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Lover Letter


Hiroko Watanabe lives in Kobe and has lost her fiancé Itsuki Fujii in a mountain climbing accident. On the day of his memorial ceremony, two years after his death, Hiroko looks through his high-school yearbook at his parents’ house. Mrs. Fujii explains that they used to live in Otaru, and that their old house is now replaced by a highway. Nevertheless, Hiroko records the address she sees under the name “Itsuki Fujii” in the yearbook, and decides to write him a letter. Surprisingly, she receives a reply from Fujii. Unsure who sent the reply, she keeps writing and finds out it was not from her dead fiancé, but from a woman also named Itsuki Fujii who went to high school with her fiancé and bears a striking resemblance to Hiroko. The movie cuts back and forth between Hiroko and Female Itsuki based on the letters they send to each other.


Miho Nakayama as Itsuki Fujii and Hiroko Watanabe

Etsushi Toyokawa as Akiba Shigeru

Bunjaku Han as female Itsuki Fujii’s mother

Katsuyuki Shinohara as female Itsuki Fujii’s grandfather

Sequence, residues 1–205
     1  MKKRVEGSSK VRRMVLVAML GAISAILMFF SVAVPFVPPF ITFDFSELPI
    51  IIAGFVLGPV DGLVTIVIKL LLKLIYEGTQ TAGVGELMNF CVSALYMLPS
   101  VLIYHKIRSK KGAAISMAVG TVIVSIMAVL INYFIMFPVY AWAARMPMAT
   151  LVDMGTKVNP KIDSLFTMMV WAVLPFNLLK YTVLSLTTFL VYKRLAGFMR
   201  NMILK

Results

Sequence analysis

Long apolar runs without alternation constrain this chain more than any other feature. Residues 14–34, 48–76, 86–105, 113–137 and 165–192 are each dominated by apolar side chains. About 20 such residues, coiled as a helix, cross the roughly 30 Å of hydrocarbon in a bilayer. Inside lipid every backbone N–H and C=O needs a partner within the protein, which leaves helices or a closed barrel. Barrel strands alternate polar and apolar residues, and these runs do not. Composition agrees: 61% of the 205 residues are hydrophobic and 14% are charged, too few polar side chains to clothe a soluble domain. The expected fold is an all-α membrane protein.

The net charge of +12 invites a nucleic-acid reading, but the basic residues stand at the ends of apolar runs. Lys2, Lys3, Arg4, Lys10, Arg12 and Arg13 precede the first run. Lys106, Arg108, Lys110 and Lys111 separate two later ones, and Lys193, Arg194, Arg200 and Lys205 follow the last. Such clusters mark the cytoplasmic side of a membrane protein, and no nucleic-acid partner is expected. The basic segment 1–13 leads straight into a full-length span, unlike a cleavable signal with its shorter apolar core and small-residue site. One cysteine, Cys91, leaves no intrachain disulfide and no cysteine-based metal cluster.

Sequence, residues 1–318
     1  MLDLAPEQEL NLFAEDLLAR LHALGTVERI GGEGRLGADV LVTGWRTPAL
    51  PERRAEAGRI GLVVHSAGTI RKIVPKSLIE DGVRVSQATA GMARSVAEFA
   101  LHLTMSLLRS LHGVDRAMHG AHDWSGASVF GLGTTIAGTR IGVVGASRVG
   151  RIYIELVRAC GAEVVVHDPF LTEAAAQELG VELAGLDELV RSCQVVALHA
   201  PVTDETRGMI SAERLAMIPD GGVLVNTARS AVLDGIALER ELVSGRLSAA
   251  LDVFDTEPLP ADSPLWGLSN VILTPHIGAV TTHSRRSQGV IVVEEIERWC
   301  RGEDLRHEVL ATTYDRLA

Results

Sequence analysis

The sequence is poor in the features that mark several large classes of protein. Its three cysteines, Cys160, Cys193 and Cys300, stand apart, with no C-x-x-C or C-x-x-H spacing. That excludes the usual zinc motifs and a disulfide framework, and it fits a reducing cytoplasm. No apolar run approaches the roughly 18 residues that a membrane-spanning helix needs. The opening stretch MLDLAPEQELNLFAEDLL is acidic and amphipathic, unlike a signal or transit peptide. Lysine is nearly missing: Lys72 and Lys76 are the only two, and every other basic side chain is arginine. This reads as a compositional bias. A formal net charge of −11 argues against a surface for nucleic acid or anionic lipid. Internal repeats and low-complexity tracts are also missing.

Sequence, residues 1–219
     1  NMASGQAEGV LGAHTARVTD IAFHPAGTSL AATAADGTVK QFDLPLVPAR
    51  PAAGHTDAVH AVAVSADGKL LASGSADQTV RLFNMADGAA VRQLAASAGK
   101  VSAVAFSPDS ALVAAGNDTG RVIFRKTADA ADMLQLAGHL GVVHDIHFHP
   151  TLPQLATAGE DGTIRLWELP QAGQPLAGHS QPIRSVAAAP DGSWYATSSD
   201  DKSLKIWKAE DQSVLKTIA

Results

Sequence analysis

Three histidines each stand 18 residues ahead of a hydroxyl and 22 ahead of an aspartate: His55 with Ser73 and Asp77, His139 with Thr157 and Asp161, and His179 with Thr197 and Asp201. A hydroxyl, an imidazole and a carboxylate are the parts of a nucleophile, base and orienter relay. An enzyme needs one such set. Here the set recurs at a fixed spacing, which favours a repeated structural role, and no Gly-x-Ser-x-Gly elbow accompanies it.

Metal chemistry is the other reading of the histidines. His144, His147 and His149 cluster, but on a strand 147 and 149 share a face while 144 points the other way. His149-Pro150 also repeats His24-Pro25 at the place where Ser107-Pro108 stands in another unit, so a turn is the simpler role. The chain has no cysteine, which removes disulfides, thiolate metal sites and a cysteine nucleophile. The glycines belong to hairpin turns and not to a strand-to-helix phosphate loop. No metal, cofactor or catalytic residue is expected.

Miki Sakai as Itsuki Fujii as a young girl

Takashi Kashiwabara as male Itsuki Fujii

Ranran Suzuki as Sanae Oikawa

Love Letter is a 1995 Japanese film directed by Shunji Iwai and starring Miho Nakayama. The film was shot almost entirely on the island of Hokkaidō, mainly in the city of Otaru. Love Letter became a box-office hit in Japan and later in other east Asian countries, most notably South Korea, where it was one of the first Japanese films to be shown in cinemas since World War II. In South Korea it was the tenth highest grossing general release of the year with 645,615 admissions. Director Shunji Iwai hired Noboru Shinoda as cinematographer and the collaboration between the two produced a film praised for its evocative winter cinematography.

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